2. Headache may be noted transiently in some patients on higher dosage regimens. Rarely
benign intracranial hypertension has been reported but this can be detected by fundoscopy.
3. Oedema may be exacerbated in Turner’s syndrome but is rare in other patients.
Other associations have been described but are not encountered in routine practice.
Hypothyroidism has been reported in 5-10% of patients undergoing treatment with hGH. This
may be a result of the natural history of hypopituitarism due to the associated deficiency of
TSH. It is essential to correct any deficiency with thyroxine if a response to GH treatment is
to be achieved.
Diabetes mellitus GH exerts effects on both carbohydrate and lipid metabolism. It is both
anabolic and diabetogenic and, in theory, hyperglycaemia and ketosis may occur but is
rarely seen in practice. In children with existing diabetes mellitus, glycaemia control and
insulin therapy may need readjustment; the induction of insulin resistance is also a rare
Antibody development has been observed in some r-hGH patients. It rarely affects the
clinical response to treatment.
Acute leukaemia has been reported both in untreated GHD children as well as GH treated
children. Studies show that there is no increased incidence over standard population data so
these reports are chance associations. The incidence in treated children is not higher even
in children who have had leukaemia previously or a bone marrow transplant.
Overdose in the acute situation is likely to lead to transient hypoglycaemia followed by
hyperglycaemia. The consequences of long-term treatment or overdose are unknown but
carry the risk of pituitary gigantism or acromegaly. However, these occur only with higher
sustained levels of growth hormone than standard therapeutic doses.
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Interaction with other medications
Corticosteroids in supraphysiological doses may interfere with the growth promoting actions
of GH. Children with co-existing ACTH deficiency should have their glucocorticoid
replacement dose carefully adjusted to avoid an inhibitory effect on growth. Titration of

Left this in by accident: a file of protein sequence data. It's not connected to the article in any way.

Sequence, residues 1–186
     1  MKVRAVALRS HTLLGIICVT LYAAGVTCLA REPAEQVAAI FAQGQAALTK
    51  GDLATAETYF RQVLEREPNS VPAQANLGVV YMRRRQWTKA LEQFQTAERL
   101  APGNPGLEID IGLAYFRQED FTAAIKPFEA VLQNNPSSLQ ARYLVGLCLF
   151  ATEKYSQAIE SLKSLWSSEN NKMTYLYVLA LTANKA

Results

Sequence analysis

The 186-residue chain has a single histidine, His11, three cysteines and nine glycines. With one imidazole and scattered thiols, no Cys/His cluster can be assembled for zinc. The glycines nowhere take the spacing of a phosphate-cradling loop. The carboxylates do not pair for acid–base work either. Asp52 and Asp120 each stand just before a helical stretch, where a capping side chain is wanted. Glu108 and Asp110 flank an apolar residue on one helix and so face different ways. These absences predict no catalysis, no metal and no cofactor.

doses should be managed by a specialist consultant.
Diabetic patients may require their glycaemic control measures reviewed (including oral
hypoglycaemics and insulin therapy) to take into account the hyperglycaemic effects of GH
Commencement of Treatment
Treatment in Reading will either be initiated by Dr Nicholas Mann or Dr Jo Spinks,
Consultant Paediatricians who run the Growth/Endocrine clinic.
Christine Desmond, Specialist Endocrine Nurse will meet the parents and child and will give
practical advice and support to families. They may visit at home and will coordinate
education and equipment aspects of treatment.
Monitoring Arrangements
Children should be seen by a paediatrician with accurate height and weight measurement
every six months, or more frequently if indicated. Dosage adjustments will be made at this
outpatient visit in the Children’s clinic.
Dr Nicholas Mann can be contacted by telephone on: 0118 322 7993 or email:
[email protected]
Christine Desmond, Specialist Paediatric Endocrine Nurse, Royal Berkshire Hospital
Tel 01183228083
Email [email protected]
 British National Formulary (BNF) for Children 2010-11
National Institute for Clinical Excellence (NICE) Technology Appraisal No.42 (2010)
Full guidance and/or summary on “Human growth hormone (somatropin) for the
treatment of growth failure in children”.
ACTH: Adreno-corticotrophic hormone
BNFC British National Formulary for Children
CRI: Chronic renal insufficiency
Final height
GH: Growth hormone
GHD Growth hormone deficiency
SGA Small for gestational age
Turner syndrome
General Practitioner
Height velocity
Insulin tolerance test
PWS: Prader-Willi syndrome
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(Synthetic Human Growth Hormone)
Consultant’s Name:
Dr Nick Mann
GP’s Name:
Indications for use:
Dose, Frequency and Route of Administration:
Duration and Treatment:
Notes (for additional patient information where necessary)
I agree to your request to prescribe human growth hormone for our patient
……………………………………….. in accordance with the shared care guidelines.
Signed …………………………………………… (GP)
Name ………………………………………….…..
Date ………………………………………………..
Please sign and send a copy back to the hospital specialist
NPM December 2011